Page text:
COLUMBIA, MO. • At 1:30 p.m. last Saturday, Gary Pinkel left his home with two friends. They drove to the Lake of the Ozarks and in the seclusion of the Missouri coach's condominium watched the Tigers play Texas Tech less than 72 hours after Pinkel's arrest for DWI.
He described the experience as gut-wrenching and emotional with the Tigers needing a win to become bowl eligible and waiting until the game's final minute to complete the task. He agonized over the slow start and realized his role in the team's lack of focus.
But it couldn't match the moment two days earlier when Pinkel had to face his players and come clean about the decision that landed him a one-game suspension and widespread scrutiny.
"One of the toughest things I've ever done in my life was talk to the coaches, talk to the seniors, talk to the team," Pinkel said at a news conference at his attorney's office Monday afternoon. "It was very emotional. They saw a different side of me they've never seen before. But when you're wrong, you're wrong. I had to stand up to them and tell them how I felt and how I failed them."
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Pinkel said he decided to have a news conference early in the week to avoid answering questions Friday in Kansas City, Mo., the first day he will meet the media after returning from suspension.
He said he has not watched the video of his arrest that has made the rounds on the Internet, displaying his inability to recite the alphabet from E to R or count backwards from 73 to 62.
Despite an abundance of supportive e-mails, texts and phone calls, Pinkel said he understands those who are critical of him. And he acknowledged what is necessary to regain the trust of the community.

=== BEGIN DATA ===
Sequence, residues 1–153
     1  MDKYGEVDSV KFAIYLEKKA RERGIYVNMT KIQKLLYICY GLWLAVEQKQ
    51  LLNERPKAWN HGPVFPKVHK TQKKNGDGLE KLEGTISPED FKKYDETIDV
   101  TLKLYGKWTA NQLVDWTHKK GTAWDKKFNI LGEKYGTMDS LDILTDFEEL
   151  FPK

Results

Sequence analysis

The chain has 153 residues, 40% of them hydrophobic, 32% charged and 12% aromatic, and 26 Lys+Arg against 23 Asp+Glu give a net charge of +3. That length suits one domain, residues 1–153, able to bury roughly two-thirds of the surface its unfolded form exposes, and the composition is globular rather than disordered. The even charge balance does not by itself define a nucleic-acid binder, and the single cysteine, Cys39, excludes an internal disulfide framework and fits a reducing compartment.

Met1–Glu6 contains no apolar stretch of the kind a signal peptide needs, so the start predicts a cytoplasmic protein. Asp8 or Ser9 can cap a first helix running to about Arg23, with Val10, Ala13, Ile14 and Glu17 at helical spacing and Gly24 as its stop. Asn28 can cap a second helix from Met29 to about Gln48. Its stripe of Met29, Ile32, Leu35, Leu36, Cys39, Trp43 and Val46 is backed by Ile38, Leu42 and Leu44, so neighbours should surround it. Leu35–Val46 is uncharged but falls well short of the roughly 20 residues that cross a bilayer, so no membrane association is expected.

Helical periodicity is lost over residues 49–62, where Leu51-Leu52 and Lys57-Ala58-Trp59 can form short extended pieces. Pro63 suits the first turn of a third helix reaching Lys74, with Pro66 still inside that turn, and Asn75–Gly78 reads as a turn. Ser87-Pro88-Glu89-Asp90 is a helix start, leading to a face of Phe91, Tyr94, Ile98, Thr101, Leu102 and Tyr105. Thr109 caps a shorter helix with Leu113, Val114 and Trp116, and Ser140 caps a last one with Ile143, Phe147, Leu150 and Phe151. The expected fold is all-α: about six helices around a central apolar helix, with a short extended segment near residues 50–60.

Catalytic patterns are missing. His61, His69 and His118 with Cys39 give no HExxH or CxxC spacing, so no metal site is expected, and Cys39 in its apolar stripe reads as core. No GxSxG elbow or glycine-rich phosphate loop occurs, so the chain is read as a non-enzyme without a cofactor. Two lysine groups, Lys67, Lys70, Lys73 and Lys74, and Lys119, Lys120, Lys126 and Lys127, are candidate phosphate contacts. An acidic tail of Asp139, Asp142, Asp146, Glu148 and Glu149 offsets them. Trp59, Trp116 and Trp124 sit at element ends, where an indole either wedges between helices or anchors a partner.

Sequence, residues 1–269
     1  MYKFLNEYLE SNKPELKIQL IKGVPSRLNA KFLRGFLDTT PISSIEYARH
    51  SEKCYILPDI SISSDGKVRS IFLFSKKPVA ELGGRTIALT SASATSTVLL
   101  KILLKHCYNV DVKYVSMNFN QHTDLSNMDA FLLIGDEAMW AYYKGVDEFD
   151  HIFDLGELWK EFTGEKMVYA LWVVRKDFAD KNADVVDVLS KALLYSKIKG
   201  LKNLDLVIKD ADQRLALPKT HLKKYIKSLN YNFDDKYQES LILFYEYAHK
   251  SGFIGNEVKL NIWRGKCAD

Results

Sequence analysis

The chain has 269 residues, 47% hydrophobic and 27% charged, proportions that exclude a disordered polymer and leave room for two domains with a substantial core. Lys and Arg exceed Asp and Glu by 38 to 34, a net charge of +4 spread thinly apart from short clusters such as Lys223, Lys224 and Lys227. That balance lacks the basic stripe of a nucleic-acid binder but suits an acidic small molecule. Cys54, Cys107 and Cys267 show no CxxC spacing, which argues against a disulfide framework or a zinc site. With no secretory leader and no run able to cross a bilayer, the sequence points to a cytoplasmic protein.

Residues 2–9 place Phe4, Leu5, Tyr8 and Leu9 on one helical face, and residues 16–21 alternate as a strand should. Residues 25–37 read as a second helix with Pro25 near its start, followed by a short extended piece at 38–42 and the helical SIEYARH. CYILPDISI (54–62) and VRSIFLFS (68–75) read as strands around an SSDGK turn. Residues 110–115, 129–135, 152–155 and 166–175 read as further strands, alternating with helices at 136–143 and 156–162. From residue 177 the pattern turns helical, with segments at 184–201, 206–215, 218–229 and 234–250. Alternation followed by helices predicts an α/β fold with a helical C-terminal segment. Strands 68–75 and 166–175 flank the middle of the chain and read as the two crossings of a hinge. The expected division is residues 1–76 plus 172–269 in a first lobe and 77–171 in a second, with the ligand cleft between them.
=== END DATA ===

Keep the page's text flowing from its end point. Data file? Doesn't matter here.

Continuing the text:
"Just live the right kind of life and don't make bad decisions," he said. "I'm 59 and I can't ever remember once — and I asked my sister on the phone — ever hurting my family, my friends, any team I was associated with as a coach or as a player. When I did this it was one of the most devastating things to happen to me personally, and I have to live with it."
Attorney Bogdan Susan stood to the side and allowed Pinkel to handle all questions that were not legal in nature. Susan said he was unaware of Pinkel's blood alcohol level and noted that the issue is irrelevant when someone pleads guilty, as Pinkel did.
He added that the quick guilty plea came because Pinkel "wanted to take responsibility for his actions and decisions that night."
The 11th-year Mizzou coach will try to regain some normalcy when he returns to the team Thursday to complete preparation for Saturday's game against Kansas at Arrowhead Stadium. He has given thought to what he will tell his players but said it might just come down to hugs in the locker room.
He seemed to sense the seriousness of the situation from the outset. On the police video, he is overheard saying "My whole world will change."
The story went national the next day. Pinkel was suspended and handed penalties that will cost him up to $306,538. Athletics director Mike Alden indicated that another similar problem could cost him his job.
"We understand the responsibility you have as a public figure," Pinkel said. "Some might say it's not fair you get treated differently than other people. But we know this. I know this. I'm responsible. And we know that if you make a mistake, it's going to be publicized nationally, so I have no problem with that at all."
Pinkel said the incident probably will alter how he approaches life in the community "a little bit." Asked if he had a drinking problem or would seek treatment, he said no to both.
But he knows the matter will weigh on him for some time.
"I've always tried to be a positive role model, but last week I failed miserably,'' he said. "Now it's up to me to begin earning everyone's respect and trust back and that's what I intend to do. This will never happen again."